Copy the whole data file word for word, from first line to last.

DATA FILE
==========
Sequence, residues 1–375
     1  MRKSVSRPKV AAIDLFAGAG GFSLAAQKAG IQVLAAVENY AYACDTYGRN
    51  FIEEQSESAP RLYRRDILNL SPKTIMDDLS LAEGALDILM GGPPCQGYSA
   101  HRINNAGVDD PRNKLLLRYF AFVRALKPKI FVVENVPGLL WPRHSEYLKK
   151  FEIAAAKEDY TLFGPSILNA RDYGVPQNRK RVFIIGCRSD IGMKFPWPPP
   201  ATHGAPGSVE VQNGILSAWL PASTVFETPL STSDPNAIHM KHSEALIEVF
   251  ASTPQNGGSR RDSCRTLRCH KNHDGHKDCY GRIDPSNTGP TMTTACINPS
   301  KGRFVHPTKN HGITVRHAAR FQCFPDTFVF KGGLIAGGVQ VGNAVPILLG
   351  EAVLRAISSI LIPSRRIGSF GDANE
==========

Sequence, residues 1–375
     1  MRKSVSRPKV AAIDLFAGAG GFSLAAQKAG IQVLAAVENY AYACDTYGRN
    51  FIEEQSESAP RLYRRDILNL SPKTIMDDLS LAEGALDILM GGPPCQGYSA
   101  HRINNAGVDD PRNKLLLRYF AFVRALKPKI FVVENVPGLL WPRHSEYLKK
   151  FEIAAAKEDY TLFGPSILNA RDYGVPQNRK RVFIIGCRSD IGMKFPWPPP
   201  ATHGAPGSVE VQNGILSAWL PASTVFETPL STSDPNAIHM KHSEALIEVF
   251  ASTPQNGGSR RDSCRTLRCH KNHDGHKDCY GRIDPSNTGP TMTTACINPS
   301  KGRFVHPTKN HGITVRHAAR FQCFPDTFVF KGGLIAGGVQ VGNAVPILLG
   351  EAVLRAISSI LIPSRRIGSF GDANE